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March 6, 2008

CW brings Teaching American History Conference to Cos Cob

Thanks to the generosity of an anonymous Greenwich, Conn., resident, Colonial Williamsburg and the Historical Society of the Town of Greenwich will host a conference for 40 high school teachers in Greenwich Public Schools. When Colonial Williamsburg’s education outreach goes on the road, Greenwich social studies teachers will have the opportunity to attend a one-day conference on Teaching American History, “Bringing History to Life in Your Classroom” on March 24 at the Historical Society of the Town of Greenwich’s National Historic Landmark, Bush-Holley Historic Site, 39 Strickland Rd., Cos Cob, Conn.

During the conference, educators will step back in time and meet people from the past through character portrayals by Colonial Williamsburg actor interpreters. As they learn historical content and engaging classroom instructional strategies, teachers will discuss liberty, freedom, citizenship and slavery with political leaders such as Peyton Randolph, first president of the Continental Congress, Franklin D. Roosevelt, our 32nd president and free and enslaved Africans such as Lydia Cooper and Betty.

Each conference focuses on the use of primary sources and active learning strategies that make history relevant and exciting for students. Teachers will participate in sessions that examine the birth and evolution of our rights. They will learn how to use role playing, simulations and analysis of primary sources to make history come to life. Participants will receive a CD-ROM with lesson plans, facsimile artifacts and documents.

The March 24 conference is the Colonial Williamsburg Teacher Institute’s second time working with teachers in the Greenwich area. Last year, the Teacher Institute hosted a one-day workshop for elementary school teachers focusing on events that led to the American Revolution.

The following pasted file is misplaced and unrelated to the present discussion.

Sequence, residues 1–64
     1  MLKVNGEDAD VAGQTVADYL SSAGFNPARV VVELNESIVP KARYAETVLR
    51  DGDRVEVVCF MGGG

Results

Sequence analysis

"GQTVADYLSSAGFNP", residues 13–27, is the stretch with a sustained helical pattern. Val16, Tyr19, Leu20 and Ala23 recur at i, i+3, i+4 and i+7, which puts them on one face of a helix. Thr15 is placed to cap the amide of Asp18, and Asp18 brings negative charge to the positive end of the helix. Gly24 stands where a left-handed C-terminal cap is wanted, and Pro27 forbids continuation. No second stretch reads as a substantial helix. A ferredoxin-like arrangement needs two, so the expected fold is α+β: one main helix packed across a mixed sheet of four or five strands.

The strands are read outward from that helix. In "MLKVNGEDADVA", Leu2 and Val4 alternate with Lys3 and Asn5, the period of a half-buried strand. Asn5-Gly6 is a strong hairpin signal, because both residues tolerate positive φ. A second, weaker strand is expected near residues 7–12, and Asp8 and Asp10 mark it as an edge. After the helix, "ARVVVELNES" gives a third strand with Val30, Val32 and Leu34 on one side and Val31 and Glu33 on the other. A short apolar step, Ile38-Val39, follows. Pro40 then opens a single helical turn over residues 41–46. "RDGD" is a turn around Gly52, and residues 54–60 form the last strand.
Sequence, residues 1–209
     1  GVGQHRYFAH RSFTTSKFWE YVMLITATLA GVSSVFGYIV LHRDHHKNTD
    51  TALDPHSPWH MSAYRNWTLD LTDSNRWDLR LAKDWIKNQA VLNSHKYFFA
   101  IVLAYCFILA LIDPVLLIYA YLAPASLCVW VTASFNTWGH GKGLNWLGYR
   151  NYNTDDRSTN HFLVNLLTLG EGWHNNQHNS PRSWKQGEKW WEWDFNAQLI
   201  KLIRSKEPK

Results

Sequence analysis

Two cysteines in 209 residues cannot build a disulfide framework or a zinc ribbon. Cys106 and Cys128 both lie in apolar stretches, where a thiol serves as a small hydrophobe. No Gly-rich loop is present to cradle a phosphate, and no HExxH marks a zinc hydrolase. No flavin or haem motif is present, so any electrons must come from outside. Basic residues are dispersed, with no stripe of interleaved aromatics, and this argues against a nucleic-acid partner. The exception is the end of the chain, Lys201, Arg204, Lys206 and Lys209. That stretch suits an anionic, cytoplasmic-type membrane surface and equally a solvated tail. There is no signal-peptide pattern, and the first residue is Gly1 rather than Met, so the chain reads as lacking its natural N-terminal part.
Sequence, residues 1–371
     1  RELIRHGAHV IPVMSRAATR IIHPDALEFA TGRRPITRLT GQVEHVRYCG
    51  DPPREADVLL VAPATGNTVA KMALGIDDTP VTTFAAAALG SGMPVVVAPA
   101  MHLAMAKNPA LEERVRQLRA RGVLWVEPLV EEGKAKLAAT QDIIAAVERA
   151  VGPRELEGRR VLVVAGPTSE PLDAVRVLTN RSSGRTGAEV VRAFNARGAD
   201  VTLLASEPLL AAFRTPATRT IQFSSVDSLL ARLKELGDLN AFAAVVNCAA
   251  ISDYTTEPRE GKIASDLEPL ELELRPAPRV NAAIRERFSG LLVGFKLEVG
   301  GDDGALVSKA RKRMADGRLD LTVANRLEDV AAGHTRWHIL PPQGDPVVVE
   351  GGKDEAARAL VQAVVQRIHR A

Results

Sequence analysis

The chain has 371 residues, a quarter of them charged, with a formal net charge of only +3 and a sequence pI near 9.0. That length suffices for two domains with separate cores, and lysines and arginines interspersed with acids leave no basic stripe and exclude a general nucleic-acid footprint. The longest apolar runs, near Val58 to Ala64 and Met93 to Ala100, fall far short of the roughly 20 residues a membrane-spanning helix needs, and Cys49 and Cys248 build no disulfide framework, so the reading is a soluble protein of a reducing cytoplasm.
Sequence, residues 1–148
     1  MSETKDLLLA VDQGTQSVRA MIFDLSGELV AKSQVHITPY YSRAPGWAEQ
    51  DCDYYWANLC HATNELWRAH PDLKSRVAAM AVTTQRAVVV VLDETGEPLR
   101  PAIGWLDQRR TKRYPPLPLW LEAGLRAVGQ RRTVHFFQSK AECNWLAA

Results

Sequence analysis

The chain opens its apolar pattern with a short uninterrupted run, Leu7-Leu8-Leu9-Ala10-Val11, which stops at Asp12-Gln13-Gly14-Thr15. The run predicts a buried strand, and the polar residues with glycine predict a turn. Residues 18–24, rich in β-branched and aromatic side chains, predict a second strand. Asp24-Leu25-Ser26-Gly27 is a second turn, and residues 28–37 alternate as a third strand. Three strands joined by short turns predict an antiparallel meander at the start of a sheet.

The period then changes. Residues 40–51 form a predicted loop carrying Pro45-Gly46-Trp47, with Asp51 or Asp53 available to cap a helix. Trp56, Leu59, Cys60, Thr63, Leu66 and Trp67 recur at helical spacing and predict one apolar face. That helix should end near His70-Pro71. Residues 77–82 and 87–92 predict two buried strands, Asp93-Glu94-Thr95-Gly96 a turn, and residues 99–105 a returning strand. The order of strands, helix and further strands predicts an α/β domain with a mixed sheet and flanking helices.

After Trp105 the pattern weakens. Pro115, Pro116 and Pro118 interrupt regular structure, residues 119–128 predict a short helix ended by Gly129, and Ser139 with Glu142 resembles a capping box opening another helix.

Colonial Williamsburg’s professional development programs have expanded from the week-long summer Teacher Institute in Williamsburg to include day-long seminars that bring Colonial Williamsburg’s program to teachers across the country. During the 2008-2009 school year, Colonial Williamsburg will present one- or two-day conferences in eight states – Alabama, Connecticut, Florida, Louisiana, Kentucky, New Mexico, South Carolina and Texas.

As a result of this conference, the Colonial Williamsburg staff hopes teachers will return to their schools with increased historical knowledge and some new active methods of engaging students in learning – and most importantly, a new understanding of how we became Americans and our role as citizens.

For information or to register for the free conference, contact Kymberly Thomas at kthomas@cwf.org or 757-220-7965 or Tab Broyles at tbroyles@cwf.org or 757-220-7975.

The Historical Society of the Town of Greenwich is located at the Bush-Holley Historic Site, 39 Strickland Road, Cos Cob, Conn., which features the circa 1730 National Historic Landmark Bush-Holley House, home of Connecticut’s first art colony. Guided tours of the house feature an American Impressionist art collection and historic interiors. The William Hegarty Gallery presents exhibits that focus on the art and artists of the Cos Cob art colony, museum collections and aspects of Greenwich history. Open Tues. – Sun.; 12– 4 p.m. Closed Mondays. Admission to gallery, visitor center and house museum is $6 for adults, $4 seniors and students. Children under 6 and Historical Society members are free. House tours included with admission. Free admission Tuesdays. Take I-95, exit 4. 203-869-6899, x 10, www.hstg.org.

Established in 1926, the Colonial Williamsburg Foundation is the not-for-profit educational institution that preserves and operates the restored 18th-century Revolutionary capital of Virginia as a town-sized living history museum, telling the inspirational stories of our nation’s founding men and women. Within the restored and reconstructed buildings, historic interpreters, attired as colonial men and women from slaves to shopkeepers to soldiers, relate stories of colonial Virginia society and culture — stories of our journey to become Americans — while historic trades people research, demonstrate and preserve the 18th-century world of work and industry. As Colonial Williamsburg interprets life in the time of the American Revolution for its guests, it also invites them to interact with history. “Revolutionary City®” — a daily dramatic live street theater presentation — is a 2008 Rand McNally Best-of-the-Road™ Editor’s Pick. Williamsburg is located in Virginia’s Tidewater region, 20 minutes from Newport News, within an hour’s drive of Richmond and Norfolk, and 150 miles south of Washington, D.C., off Interstate 64. For more information about Colonial Williamsburg, call 1-800-HISTORY or visit Colonial Williamsburg’s Web site at www.history.org.

Media Contact:
Barbara Brown
(757) 220-7121



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